Letters to the Editor - March 15 2006
Clap Your Hands, Nascar Museum, Art in Freedom Park funding
"They's gonna clap they hands!"
Clap Your Hands Say Yeah is what indie rock is trying to become, and I think they're on their way to defining it (Vibes, "If you're happy and you know it," March 9). Along with Say Hi to Your Mom, they have become something new. And when you attempt something new, it's a challenge every time.
But as you say, if Clap Your Hands' self-titled disc is a demo, then it's the most complete demo I've ever heard. And though you may scorn them for having a patched-up sound, it is a misconception to think their sound is not one sound. It is true, complete and something very inspiringly new. Very creative and I think you ought to give these boys a chance. They did sell out a concert.
-- Adante Salvagado, Atlanta
The writer (Fishwrapper, "Why a NASCAR museum?" March 9) is questioning whether big projects really have a lasting multiplier effect — if you throw a big rock in the water, do you not only get the big splash, but also a sustainable bunch of positive economic ripples? This is a critical question when a state or municipality gives a developer tax breaks, fronts taxpayer-financed development money, etc. It just means that you and I and every other taxpayer foot the bill. To even pretend to justify such shifting of costs, our government officials cite the spillover benefits of the development and the dreaded stagnation that will surely result if we don't foot the bill. As if taxpayers had any real choice.
I do agree that the whole public-private partnership thing to lure supposedly must-have economic porch lights of sports-related or other supposedly civic venues seems like a load of crap. Every state and municipality seems to be convinced that if they don't shell out for the new arena, museum, hall of shame, etc., they'll be left on the roadside.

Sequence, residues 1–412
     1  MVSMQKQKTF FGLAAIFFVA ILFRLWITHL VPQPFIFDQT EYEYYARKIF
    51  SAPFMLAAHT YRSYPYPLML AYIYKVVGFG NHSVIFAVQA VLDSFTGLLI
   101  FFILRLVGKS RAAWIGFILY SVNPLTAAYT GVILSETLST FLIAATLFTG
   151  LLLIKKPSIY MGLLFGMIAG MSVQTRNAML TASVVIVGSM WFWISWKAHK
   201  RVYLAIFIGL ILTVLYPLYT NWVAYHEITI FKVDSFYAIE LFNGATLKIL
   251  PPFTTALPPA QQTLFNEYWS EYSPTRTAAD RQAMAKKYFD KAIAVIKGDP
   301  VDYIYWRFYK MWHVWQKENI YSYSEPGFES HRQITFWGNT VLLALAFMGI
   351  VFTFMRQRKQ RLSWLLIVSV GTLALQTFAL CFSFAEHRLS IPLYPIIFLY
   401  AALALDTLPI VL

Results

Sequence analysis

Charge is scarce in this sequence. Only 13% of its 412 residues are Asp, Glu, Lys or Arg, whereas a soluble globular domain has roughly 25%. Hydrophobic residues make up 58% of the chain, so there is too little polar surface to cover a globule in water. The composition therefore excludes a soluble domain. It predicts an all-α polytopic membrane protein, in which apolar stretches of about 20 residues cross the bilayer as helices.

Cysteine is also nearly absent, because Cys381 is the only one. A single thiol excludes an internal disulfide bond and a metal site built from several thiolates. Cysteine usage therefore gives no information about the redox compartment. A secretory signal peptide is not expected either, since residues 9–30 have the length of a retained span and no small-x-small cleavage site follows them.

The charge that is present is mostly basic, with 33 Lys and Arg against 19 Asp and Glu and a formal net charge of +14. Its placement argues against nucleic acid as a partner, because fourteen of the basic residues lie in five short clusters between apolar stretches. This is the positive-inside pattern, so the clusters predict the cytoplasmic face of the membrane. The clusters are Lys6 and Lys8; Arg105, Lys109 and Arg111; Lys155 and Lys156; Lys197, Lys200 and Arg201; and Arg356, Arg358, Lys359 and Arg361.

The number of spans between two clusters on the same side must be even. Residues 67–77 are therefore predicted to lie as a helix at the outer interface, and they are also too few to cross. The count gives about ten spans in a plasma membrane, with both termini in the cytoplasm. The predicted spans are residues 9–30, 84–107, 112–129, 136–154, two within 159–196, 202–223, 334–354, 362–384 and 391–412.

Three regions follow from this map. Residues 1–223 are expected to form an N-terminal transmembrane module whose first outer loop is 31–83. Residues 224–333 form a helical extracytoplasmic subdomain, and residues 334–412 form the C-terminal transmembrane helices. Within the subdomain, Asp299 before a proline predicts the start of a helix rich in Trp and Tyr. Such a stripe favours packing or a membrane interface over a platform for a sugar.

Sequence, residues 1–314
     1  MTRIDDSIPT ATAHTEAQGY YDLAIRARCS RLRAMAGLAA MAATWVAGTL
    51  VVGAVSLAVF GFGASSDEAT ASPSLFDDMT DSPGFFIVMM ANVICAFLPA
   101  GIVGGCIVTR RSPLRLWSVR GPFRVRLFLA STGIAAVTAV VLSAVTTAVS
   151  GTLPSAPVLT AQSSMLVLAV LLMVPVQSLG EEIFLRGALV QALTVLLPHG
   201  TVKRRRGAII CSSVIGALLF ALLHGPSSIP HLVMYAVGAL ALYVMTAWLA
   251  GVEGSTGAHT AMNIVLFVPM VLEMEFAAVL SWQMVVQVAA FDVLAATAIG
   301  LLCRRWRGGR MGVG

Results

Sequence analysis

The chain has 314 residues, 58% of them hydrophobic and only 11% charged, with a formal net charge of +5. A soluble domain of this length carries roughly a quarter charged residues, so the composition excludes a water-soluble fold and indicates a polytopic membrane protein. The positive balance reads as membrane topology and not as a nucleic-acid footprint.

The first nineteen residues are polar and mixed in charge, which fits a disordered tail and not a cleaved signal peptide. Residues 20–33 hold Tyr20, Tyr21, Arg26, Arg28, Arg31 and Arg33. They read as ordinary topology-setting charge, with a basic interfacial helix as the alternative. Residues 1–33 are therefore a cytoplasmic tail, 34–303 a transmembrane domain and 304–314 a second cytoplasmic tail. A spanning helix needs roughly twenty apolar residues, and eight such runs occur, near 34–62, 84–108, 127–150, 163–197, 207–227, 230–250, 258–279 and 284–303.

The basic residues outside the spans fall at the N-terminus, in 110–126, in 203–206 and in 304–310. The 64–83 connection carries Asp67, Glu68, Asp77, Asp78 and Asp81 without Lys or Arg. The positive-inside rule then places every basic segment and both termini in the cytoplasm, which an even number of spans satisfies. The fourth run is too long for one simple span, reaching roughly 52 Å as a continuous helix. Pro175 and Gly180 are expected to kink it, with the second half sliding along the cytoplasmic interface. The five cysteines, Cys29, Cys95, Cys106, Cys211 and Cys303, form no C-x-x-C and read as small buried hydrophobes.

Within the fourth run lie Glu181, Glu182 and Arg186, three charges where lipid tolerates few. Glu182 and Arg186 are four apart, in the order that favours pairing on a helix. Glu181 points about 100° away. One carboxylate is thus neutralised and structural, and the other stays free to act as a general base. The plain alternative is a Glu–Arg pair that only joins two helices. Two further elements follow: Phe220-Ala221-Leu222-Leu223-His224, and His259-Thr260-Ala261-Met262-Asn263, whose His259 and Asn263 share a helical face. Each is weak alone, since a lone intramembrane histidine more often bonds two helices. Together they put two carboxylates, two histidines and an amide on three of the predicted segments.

It's one thing to lure a manufacturing plant or real service-based employment center. Those can conceivably argue to generate ancillary economic activity of suppliers, employment, etc. But to try to justify a sports arena, museum, etc., based on lasting, public economic merit is laughable. I would bet it ends up being just expensive municipal ego stroked by self-serving private parties with only a little bit of additional tourist spending blown all out of proportion by clever, relentless marketers.
I don't know whether Sugg's assertion that all the private interests close up shop after the initial tax breaks run out is valid or not.
There's nothing underhanded that private interests can do that doesn't get much worse when government power and purse are added to the unholy mix.
-- Christopher Jackson, New York
Everyone's a loser
Thank you for casting at least a bit of attention on the Art in Freedom Park funding debacle (Arts, "Contemporary taps Horodner," March 9). The Fulton County Arts Council's excuse (a new employee sent the letter in error) reeks of a hidden agenda.
What possible justification could they have had for NOT funding AIFP — one of the most successful, most popular, most visible, most cost-efficient public arts events in recent memory? What exactly IS the criteria for getting funds from the Fulton County Arts Council, anyway?
Whatever possible motives the FCAC may have had in denying funds to AIFP, the real losers aren't just the artists involved, but everyone in Atlanta (a city which, whether they like or not, IS in Fulton County).
-- Allen Welty-Green, Atlanta
My wrong word choice
As a nuclear engineer, whenever I read articles in the press in which some aspect of the technology is explained, I find myself cringing from the start because invariably the author is going to get something wrong. Well, I must now change "invariably" to "usually" because unless I missed something, every detail in your article was exactly right (News & Views, Don't Panic, Jan. 26). It was a pleasure to read.
And even though I am, generally speaking, a fan of the president and always try to be, as my priest puts it, a "Jesus-lovin' fool," I almost lost complete control when I read the "powerful nation led by a beady-eyed religious fanatic" setup and punch line. I didn't think your previous article on nukes-for-mangos could be topped, but you managed.
-- Andy McGehee, Columbia, S.C.
We were hoppin'
I cannot tell you how pleased we all were to be a Best Bet for the Hans Christian Andersen exhibit at the Cultural Arts Center in Douglasville (See & Do, "Story time," Jan. 19).
Thank you so much for the mention — let me tell you, we certainly found out how many folks out here read CL and pay attention to your selections! January (usually a slow month) [was] hopping with our galleries filled with visitors from Douglas County and around metro Atlanta.
-- Laura Lieberman, executive director
Cultural Arts Council of Douglasville/Douglas County